- In the current year, a small Holiday Inn franchise had sales of $1,800,000, fixed costs of $550,000, and total variable costs of $750,000. Next year, sales are forecast to increase by 25% but costs will remain the same. How much will net income change (in dollars)?

**Click to see Answer**$262,000

- Monsanto Canada reported the following on its income statement for one of its divisions:
- Sales=$6,000,000
- Total Fixed Costs=$2,000,000
- Total Variable Costs=$3,200,000

- What is the contribution rate?
- What is the break-even revenue?
- What is the net income for a revenue of $5,500,000?
- What is the total revenue for a profit of $200,000?
- What is the total revenue for a loss of $300,000?

**Click to see Answer**a. 46.67%; b. $4,285,714.29; c. $566,666.67; d. $4,714,285.71; e. $3,642,857.14

- Procter and Gamble is budgeting for next year. For one of its brands, P&G projects it will operate at 80% production capacity next year and forecasts the following:
- Sales=$80,000,000
- Total Fixed Costs=$20,000,000
- Total Variable Costs=$50,000,000
- Net Income=$10,000,000

Determine the net income if sales are higher than expected and P&G realizes 90% production capacity.

**Click to see Answer**$13,750,000

- Suppose at a production level of 131,000 units, the total fixed costs are $3,200,000, the total variable costs are $5,009,440, and the selling price per unit is $99.97.
- What is the contribution rate?
- What is the break-even revenue?
- Suppose fixed costs rise by 10% with no changes to total revenue or total variable costs. At 131,000 units, what is the new net income?
- Suppose the selling price decreased by 25% during a sale and the resulting number of units increased by 50% from the current 131,000. What is the new net income?
- Suppose fixed costs are lowered by 5%, total variable costs rise by 3%, the selling price lowered by 5% and the level of output rises by 10%. What is the new net income?

**Click to see Answer**a. 61.75%; b. $5182,310.06; c. $4,556,650; d. $4,109,410; e. $4,969,078

- You are thinking of starting your own business and want to get some measure of feasibility. You have determined that your total fixed costs would be $79,300. From annual business reports and competitive studies, you estimate your contribution rate to be 65%. What is your break-even in dollars?

**Click to see Answer**$122,000

- If a business has total revenue of $100,000, total variable costs of $60,000, and total fixed costs of $20,000, determine its break-even point in dollars.

**Click to see Answer**$50,000

- If your organization has a contribution rate of 45% and knows the break-even point is $202,500, what are your organization’s total fixed costs?

**Click to see Answer**$91,125

- Burton Snowboards reported the following figures last week for its Custom V Rocker Snowboard:
- Sales=$70,000
- Total Fixed Costs=$19,000
- Total Variable Costs=$35,000
- Net Income=$16,000

If the above numbers represent 70% operational capacity, express the weekly break-even point in dollars as a percentage of maximum capacity.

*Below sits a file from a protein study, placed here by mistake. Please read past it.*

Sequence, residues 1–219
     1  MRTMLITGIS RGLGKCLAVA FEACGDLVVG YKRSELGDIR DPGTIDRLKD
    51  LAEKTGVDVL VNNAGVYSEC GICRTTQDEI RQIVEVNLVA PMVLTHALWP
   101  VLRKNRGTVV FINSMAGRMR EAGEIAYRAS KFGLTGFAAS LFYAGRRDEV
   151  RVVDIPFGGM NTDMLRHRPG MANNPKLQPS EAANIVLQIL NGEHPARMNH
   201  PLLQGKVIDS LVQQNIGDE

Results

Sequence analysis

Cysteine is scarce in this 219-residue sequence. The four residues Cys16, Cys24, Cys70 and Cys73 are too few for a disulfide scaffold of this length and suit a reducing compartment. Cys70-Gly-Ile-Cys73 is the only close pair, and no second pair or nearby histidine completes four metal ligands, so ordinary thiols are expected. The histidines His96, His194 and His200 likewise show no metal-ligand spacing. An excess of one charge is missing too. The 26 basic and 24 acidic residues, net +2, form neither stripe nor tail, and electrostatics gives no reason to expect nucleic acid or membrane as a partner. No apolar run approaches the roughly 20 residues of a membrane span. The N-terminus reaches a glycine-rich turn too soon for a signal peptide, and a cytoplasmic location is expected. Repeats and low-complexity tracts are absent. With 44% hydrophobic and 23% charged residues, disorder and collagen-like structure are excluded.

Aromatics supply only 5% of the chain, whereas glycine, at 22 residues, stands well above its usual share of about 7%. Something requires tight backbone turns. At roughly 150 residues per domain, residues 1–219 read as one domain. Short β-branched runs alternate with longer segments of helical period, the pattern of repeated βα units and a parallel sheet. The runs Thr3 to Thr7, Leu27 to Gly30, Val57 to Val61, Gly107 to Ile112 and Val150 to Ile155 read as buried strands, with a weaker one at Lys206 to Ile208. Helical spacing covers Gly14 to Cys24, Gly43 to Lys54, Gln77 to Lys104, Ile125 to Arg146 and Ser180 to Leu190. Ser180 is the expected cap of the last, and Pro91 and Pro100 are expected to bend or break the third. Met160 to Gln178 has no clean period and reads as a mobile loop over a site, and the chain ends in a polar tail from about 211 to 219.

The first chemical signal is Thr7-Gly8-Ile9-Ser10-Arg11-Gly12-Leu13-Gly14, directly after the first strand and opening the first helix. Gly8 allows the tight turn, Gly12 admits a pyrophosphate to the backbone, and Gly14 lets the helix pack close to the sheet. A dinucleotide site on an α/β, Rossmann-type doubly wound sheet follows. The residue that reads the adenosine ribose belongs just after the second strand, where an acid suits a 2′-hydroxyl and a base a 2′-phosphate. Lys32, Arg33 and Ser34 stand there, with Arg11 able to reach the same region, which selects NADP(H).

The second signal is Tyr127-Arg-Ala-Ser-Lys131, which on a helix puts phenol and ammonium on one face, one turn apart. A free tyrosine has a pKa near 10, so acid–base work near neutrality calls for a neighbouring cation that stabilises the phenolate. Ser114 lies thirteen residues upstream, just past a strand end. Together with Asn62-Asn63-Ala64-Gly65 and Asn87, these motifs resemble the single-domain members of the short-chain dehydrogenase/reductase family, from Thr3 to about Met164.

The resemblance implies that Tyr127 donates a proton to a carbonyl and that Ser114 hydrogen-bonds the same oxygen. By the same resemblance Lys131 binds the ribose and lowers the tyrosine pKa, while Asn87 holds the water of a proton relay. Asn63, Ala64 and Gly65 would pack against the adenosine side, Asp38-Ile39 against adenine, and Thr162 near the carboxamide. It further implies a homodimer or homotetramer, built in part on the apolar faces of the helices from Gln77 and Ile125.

**Click to see Answer**38%

- Boston Beer Company, the brewer of Samuel Adams, reported the following financial information to its shareholders:
- Total Revenue=$488,600,000
- Total Variable Costs=$203,080,000
- Total Fixed Costs=$182,372,000

What is the break-even revenue?

**Click to see Answer**$312,086,576.10

- In the beverage industry, PepsiCo and The Coca-Cola Company are the two big players. The following financial information, in millions of dollars, was reported to its shareholders:

**Pepsi Co.****Coca Cola Company****Total Revenue**$14.296 $21.807 **Total Variable Costs**$7.683 $12.663 **Total Fixed Costs**$6.218 $8.838 Compare the break-even points in total dollars between the two companies based on these reports.

**Click to see Answer**Pepsi=$13,442,088,008.47, Coca-Cola=$21,077,238,188.98, Pepsi is 36.22% lower.

- The Puzzle Company had total revenue of $4,750,000, total fixed costs of $1,500,000, and total variable costs of $2,750,000. If the company desires to earn a net income of $1,000,000, what total sales volume is needed to achieve the goal?

**Click to see Answer**$5,937,500

- Whirlpool Corporation had annual sales of $18.907 billion with a net income of $0.549 billion. Total variable costs amounted to $16.383 billion.
- What are the fixed costs?
- Determine Whirlpool Corporation’s break-even revenue.
- Suppose the fixed costs increase by 25%. What is the new break-even revenue?
- If Whirlpool Corporation managed to increase revenues by 5% the following year while implementing cost-cutting measures that trimmed variable costs by 2%, determine the percent change in the break-even dollars.

**Click to see Answer**a. $1.975 billion; b. $14.975 billion; c. $18.493 billion; d. -30.2%

#### Attribution

“4.6: Cost-Revenue-Net Income Analysis” from Introduction to Business Math by Margaret Dancy is licensed under a Creative Commons Attribution-NonCommercial-ShareAlike 4.0 International License, except where otherwise noted.

“4.7: Break-Even Analysis” from Introduction to Business Math by Margaret Dancy is licensed under a Creative Commons Attribution-NonCommercial-ShareAlike 4.0 International License, except where otherwise noted.

“5.1: Cost-Revenue-Net Income Analysis” from Business Math: A Step-by-Step Handbook (2021B) by J. Olivier and Lyryx Learning Inc. through a Creative Commons Attribution-NonCommercial-ShareAlike 4.0 International License unless otherwise noted.

“5.2: Break-Even Analysis” from Business Math: A Step-by-Step Handbook (2021B) by J. Olivier and Lyryx Learning Inc. through a Creative Commons Attribution-NonCommercial-ShareAlike 4.0 International License unless otherwise noted.